John Jenkins was born in Cowbridge, Glamorganshire, South Wales on the 8th day of May 1845. This history was given by John Jenkins, himself. He was the son of Evan Jenkins and Ann Davies.
The Mormon Elders brought the gospel to our
home in about the year of 1847. My father believed and accepted it at once.
I was about a year and a half old at this time. He used to go out on the
streets and preach this strange doctrine called Mormonism, and he would
often take me in his arms so the people would not throw rotten eggs at
him. It was such a new thing to the world that the people thought he was
When I was nearly five years old my parents left our native land for the gospel's sake. We left Liverpool, England, March 2, 1850 on the good ship Hartley. It took us two months to make the trip, arriving in New Orleans May 2, 1850. We then sailed up the Mississippi and Missouri Rivers, landing just below Winter Quarters. From there we journeyed four miles east to Council Bluffs, then five miles farther east to Mosquito Creek where we lived for eleven years. When we arrived there our earthly belongings consisted of a few dishes and two featherbeds, one of which we soon traded for a cow, the first cow we had ever owned.
Having no means with which to proceed to Utah, Apostle Ezra T. Benson advised my father to stay in Iowa until such time as he could get equipment to take us on our journey. During this time my mother gave birth to two pairs of twins; the first pair was born May 15, 1851 and the second pair were born May 16, 1858. When the first pair were born the family was driven from our home by a flood and had to live in a dirt-roof house that leaked so badly that an umbrella had to be placed over the bed to shelter Mother who lay confined with the babies.
As soon as possible my father took out his naturalization papers. He then homesteaded a quarter section of land on which we lived for eleven years. While we lived there our neighbors were Mormon apostates and Josephites who were very bitter against the LDS Church, with the exception of one family named Fisher. These people succeeded in influencing Mrs. Fisher and my mother to the extent that they refused to move on to Utah. When means were provided by which we could have moved to Utah. Mother refused to sign the deeds so Father could sell his land. About 1859 or 1860 Brother Fisher took some wheat for a grist to the mill one day. Leaving it there he stated that he would call back for it. When he went back for the flour he continued on to Utah, leaving his family behind him. When Mother learned of the Fisher episode she changed her mind in regards to the signing of the deed and Father sold his land for $500.00. He equipped an outfit and we started for Utah the 1st of June, 1861, in Homer Duncan's company.
Our train was an independent outfit, that is, it consisted of people who fitted up their own outfits. Father had two wagons, two yokes of oxen, eight cows, and two or three horses. Father drove one wagon and I drove one. The family was in the wagon Father drove. I drove one yoke of oxen and one yoke of cows. We worked the cows as well as oxen. When we started in the morning the milk would be put in the churn and by noon when we stopped it would be churned to butter. The Indians caused us no trouble on our journey, although they often came and begged us for flour and sugar. One of our sports was to stand a dime in the split end of a stick, place the stick on end at about 25 paces, and then let the Indians shoot the dime from the stick with their bow and arrow. The dime belonged to the Indian that could hit it. It was remarkable how often they hit the target.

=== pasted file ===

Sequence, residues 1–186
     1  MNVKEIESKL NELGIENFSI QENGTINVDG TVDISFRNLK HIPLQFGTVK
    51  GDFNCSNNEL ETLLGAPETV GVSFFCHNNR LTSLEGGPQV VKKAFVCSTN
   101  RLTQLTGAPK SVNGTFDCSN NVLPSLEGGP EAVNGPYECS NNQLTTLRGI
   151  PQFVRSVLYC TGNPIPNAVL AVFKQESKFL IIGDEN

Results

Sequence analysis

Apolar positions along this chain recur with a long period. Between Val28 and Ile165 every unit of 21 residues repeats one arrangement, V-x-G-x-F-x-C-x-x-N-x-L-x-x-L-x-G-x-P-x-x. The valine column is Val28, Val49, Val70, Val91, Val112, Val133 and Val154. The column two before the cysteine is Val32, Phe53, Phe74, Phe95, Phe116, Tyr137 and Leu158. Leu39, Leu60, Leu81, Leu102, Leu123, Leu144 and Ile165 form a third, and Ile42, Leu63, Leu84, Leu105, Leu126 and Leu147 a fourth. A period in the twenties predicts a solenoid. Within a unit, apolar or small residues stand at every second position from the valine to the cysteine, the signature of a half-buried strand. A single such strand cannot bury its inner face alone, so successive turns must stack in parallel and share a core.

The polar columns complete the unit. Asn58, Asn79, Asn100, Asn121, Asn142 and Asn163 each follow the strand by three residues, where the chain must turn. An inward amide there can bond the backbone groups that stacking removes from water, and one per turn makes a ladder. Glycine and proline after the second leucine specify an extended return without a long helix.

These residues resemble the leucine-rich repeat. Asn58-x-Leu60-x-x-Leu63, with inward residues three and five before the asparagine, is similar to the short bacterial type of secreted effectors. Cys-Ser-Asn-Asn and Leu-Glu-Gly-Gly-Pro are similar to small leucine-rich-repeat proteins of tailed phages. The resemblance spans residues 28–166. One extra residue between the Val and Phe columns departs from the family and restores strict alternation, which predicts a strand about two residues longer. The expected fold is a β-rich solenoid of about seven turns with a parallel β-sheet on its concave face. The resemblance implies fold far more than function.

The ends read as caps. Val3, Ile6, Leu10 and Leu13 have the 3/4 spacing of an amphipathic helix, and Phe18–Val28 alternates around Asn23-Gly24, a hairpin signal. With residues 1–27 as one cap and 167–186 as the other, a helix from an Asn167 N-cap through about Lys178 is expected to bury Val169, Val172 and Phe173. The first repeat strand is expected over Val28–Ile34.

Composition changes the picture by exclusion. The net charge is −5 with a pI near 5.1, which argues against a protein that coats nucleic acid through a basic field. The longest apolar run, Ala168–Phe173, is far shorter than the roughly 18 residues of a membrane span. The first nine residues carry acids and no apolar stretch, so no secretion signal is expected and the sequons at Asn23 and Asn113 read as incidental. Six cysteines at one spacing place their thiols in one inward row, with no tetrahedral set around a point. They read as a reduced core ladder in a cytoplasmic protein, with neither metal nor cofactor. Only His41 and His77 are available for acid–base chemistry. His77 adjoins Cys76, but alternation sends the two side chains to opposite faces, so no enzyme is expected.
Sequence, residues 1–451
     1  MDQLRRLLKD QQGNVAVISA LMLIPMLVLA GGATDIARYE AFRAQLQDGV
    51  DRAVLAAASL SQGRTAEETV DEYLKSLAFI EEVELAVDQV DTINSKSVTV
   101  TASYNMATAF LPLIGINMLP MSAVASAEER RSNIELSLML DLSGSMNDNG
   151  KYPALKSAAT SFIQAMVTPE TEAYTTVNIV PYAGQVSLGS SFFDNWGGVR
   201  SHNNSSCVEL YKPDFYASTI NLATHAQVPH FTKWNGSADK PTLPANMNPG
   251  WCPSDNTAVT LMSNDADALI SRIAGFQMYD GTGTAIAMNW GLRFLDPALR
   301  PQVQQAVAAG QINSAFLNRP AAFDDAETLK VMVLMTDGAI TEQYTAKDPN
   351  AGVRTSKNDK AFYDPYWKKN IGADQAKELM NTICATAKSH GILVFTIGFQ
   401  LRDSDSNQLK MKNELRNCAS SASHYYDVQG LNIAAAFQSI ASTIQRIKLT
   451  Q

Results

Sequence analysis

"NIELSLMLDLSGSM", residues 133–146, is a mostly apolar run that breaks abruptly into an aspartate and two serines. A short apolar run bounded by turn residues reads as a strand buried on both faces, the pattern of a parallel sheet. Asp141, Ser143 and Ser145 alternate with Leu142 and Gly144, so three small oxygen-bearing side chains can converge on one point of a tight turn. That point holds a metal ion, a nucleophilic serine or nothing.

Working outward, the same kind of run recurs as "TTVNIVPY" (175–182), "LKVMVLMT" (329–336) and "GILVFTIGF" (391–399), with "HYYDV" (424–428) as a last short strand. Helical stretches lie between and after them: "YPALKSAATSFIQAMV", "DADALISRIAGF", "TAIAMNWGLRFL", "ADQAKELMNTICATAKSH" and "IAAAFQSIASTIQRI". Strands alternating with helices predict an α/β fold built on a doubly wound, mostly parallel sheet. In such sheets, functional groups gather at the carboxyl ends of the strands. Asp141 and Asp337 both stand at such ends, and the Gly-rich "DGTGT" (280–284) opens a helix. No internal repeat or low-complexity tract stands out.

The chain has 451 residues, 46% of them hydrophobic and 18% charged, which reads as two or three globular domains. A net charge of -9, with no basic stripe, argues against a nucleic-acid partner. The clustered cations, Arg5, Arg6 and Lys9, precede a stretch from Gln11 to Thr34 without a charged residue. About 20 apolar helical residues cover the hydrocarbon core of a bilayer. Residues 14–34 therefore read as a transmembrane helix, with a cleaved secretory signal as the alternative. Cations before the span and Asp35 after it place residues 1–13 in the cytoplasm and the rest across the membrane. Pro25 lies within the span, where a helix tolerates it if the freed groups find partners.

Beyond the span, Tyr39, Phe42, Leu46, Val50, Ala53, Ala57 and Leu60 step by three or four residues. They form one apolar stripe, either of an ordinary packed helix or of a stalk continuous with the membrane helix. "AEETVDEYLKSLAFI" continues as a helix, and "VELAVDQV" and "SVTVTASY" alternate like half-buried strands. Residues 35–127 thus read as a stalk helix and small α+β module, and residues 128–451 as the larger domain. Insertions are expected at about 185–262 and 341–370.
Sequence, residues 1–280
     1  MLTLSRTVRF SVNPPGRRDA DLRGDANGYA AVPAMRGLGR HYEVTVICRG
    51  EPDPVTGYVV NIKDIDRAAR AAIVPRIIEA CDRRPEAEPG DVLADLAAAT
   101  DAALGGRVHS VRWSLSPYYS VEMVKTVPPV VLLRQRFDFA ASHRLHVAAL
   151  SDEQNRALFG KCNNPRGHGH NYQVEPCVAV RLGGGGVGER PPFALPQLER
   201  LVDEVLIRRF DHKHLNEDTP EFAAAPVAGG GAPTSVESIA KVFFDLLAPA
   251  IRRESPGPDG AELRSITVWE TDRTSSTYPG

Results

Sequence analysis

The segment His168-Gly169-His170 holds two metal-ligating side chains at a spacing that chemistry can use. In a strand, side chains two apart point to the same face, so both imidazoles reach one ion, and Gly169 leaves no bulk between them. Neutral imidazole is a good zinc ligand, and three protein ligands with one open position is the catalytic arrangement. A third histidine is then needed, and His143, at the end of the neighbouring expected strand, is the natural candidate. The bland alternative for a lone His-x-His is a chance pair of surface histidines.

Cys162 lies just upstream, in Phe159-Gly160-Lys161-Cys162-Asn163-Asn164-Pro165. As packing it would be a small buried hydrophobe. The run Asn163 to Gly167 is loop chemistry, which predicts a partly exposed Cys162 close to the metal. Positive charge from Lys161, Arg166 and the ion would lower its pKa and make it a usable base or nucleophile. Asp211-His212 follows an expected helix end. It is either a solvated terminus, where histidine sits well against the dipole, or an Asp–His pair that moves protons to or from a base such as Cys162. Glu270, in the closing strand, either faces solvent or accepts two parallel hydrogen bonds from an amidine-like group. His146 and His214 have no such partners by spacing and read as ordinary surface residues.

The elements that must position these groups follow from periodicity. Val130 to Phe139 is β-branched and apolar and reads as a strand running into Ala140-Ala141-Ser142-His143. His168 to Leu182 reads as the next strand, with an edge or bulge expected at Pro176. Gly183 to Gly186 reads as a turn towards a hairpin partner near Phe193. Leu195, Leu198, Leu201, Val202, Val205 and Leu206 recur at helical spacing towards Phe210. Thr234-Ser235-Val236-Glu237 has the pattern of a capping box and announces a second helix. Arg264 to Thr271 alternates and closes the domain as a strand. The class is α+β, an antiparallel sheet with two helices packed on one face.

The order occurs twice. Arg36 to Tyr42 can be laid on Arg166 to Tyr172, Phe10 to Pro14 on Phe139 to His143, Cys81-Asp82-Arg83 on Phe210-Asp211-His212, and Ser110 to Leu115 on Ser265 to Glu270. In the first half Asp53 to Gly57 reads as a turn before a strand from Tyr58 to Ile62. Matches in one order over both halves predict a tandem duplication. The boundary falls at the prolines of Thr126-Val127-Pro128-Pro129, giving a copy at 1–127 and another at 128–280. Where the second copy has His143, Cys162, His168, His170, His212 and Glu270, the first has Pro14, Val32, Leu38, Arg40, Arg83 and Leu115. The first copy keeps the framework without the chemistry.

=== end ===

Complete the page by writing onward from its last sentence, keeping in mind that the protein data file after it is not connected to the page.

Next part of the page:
In the company I was known as the Little Hunter, and with an old muzzle loading rifle, I obtained more meat than our family could use. So we often had some to give to other families. At one time between the Platte and the Sweet Water Rivers I wounded an antelope. After tracking it I got another shot and killed it. I then dressed it and started for the train of wagons which was traveling. I soon realized that I was lost. I wandered around until nearly sundown. On reaching the top of a knoll I thought I saw what might be the road. So I hurried in that direction. Soon I saw a man and started running towards him. On seeing me he ran from me, thinking I was an Indian. My motions in trying to stop him, he thought were signals to other Indians to close in on him. However, I finally overtook him and found him to be a member of our company. When I told him about the antelope, nothing would stop him from going back for it. We soon found the game and split the cord in one front leg, slipped the opposite hind leg through the split, and put his head between the legs so that the antelope hung on the man's back. I carried the guns and together we made our way back to the wagon train, arriving at camp late in the night. I have often been out alone in the hills but have never again had the feeling of being lost. At this time I was a boy of sixteen.